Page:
Drawing from Sri Lanka’s engaging history

By: Bernadine Rodrigo 

Last Saturday (22), the National Museum of Colombo was a little bit more crowded than it usually is and was beheld in a manner which was certainly different to the normal way in which the Museum of Colombo is enjoyed. At 4 p.m. yesterday, began what is known as the museum walk which is quite a new concept in Sri Lanka, hosted by an adherer of museology, Hasini Haputhanthri.

Hasini Haputhanthri is the Founder of Timetravel Ceylon which sounds a great deal like an established foundation where many employees could be found. However, it is simply Haputhanthri who conducts the entire organisation on her own. It is her personal innovation so that she may explore her passion of time travel – not in a way where we would have to manipulate the fabric of space-time but through stories; a perfectly good substitute for physically travelling through time.

The walk held on Saturday (22) was one of the first which Haputhanthri has conducted in the National Museum. Before this, she has conducted walks in other historical locations such as the famous Mount Lavinia Hotel.

The journey to Time Travel Ceylon

She hasn’t always been a guide of historical walks but in fact, she used to be a sociologist by occupation, trained by Delhi University, India and Lund University, Sweden. She then worked in the development sector until 2017, when she began studying museology at Colombia University, New York. One thing which always followed her was her deep desire to learn more about the history – the history of anything. “I have always been fascinated with time travel, to imagine historical situations and imagine what life would have been like back then,” she said.

She observed, while doing her museology degree that even when it came to the articles which she wrote, it was only a selected amount of readers which she could attract. She realised that, especially with the people of Sri Lanka, the general interest towards history and stories from the past are extremely lacking. Hence, after submerging herself in research, she returned to Sri Lanka and began to think of a way through which she can get the knowledge to the people by sparking interest and a desire to know.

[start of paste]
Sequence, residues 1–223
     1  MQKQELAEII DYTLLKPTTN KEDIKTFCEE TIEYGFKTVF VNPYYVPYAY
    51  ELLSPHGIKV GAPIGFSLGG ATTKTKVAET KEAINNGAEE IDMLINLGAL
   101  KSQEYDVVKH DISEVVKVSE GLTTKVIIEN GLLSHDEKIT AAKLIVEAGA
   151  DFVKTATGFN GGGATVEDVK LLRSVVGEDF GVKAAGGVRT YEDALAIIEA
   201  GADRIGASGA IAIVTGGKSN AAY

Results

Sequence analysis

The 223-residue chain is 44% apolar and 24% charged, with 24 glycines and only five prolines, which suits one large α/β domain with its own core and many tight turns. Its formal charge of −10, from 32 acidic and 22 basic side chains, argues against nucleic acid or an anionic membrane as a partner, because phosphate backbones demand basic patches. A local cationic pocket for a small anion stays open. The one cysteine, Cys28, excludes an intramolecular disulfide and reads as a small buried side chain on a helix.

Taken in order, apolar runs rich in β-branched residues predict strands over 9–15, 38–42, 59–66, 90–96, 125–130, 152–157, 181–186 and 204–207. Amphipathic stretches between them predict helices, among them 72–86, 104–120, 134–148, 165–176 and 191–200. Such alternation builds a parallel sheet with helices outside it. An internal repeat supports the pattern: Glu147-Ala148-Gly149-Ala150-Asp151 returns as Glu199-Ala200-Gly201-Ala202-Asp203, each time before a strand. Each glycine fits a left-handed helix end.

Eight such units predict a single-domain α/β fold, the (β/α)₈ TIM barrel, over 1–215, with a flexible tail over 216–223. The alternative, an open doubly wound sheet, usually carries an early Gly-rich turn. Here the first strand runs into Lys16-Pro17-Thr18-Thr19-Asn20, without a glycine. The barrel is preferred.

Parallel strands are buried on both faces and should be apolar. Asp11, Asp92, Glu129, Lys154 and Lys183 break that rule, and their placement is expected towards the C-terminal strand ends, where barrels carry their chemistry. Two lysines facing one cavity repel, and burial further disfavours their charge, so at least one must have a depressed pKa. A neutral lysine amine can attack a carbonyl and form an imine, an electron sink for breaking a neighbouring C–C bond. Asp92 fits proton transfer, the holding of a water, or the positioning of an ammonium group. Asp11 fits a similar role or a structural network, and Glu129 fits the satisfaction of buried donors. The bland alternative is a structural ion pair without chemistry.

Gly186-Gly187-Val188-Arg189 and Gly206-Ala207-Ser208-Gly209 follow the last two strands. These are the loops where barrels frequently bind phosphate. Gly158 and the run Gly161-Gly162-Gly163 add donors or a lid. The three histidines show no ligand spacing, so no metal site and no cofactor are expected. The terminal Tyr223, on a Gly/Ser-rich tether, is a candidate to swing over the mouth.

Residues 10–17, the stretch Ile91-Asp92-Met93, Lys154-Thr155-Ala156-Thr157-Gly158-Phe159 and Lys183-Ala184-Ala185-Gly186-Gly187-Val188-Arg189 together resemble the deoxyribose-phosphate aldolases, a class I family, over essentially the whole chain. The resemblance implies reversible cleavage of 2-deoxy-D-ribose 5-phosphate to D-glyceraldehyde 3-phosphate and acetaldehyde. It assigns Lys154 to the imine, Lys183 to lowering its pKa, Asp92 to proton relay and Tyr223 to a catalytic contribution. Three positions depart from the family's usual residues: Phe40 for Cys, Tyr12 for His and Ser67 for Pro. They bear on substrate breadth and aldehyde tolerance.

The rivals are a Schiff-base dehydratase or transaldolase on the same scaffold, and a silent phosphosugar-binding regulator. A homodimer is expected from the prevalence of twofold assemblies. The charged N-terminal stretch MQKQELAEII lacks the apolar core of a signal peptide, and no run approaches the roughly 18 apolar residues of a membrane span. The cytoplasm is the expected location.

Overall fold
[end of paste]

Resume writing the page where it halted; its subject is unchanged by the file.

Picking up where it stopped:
Stories, narration, and reflection

Hence she came up with Time Travel Ceylon, a way through which Ceylon can be witnessed in a completely new – or perhaps old – light. For about two years, she has been conducting a few walks, the most popular one being the one she holds in Mount Lavinia Hotel. This has slowly accumulated a large following and a considerable amount of awareness has been spread about it amongst the people of Colombo. It has become so popular that Mount Lavinia Hotel has actually asked her to conduct a session every month. The reason people like it so much is because of the way she presents the story to them. She does not simply parrot a story which she has read in a book but rather does her own research and finds out the real facts about the case, and then she thinks of what interpretations can be made based on different viewpoints of the different people involved in the story.